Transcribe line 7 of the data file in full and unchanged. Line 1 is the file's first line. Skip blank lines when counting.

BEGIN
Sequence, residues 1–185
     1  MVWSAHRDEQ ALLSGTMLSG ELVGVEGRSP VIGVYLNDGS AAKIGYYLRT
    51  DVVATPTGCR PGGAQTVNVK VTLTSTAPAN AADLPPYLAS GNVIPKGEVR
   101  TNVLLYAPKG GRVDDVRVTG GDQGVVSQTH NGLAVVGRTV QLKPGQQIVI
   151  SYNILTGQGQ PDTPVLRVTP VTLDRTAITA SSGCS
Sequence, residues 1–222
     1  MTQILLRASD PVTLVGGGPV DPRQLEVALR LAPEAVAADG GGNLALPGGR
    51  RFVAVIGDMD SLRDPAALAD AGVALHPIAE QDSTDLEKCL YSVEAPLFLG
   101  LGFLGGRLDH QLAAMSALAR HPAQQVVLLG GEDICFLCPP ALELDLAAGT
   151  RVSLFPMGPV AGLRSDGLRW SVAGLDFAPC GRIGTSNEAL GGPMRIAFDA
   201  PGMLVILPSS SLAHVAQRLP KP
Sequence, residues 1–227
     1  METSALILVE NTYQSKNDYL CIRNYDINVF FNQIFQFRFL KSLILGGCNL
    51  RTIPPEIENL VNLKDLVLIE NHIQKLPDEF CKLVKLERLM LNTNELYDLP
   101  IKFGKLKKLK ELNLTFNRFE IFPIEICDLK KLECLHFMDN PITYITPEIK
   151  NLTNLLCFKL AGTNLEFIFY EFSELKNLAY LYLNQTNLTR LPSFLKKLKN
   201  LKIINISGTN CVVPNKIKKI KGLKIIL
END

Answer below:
     1  MTQILLRASD PVTLVGGGPV DPRQLEVALR LAPEAVAADG GGNLALPGGR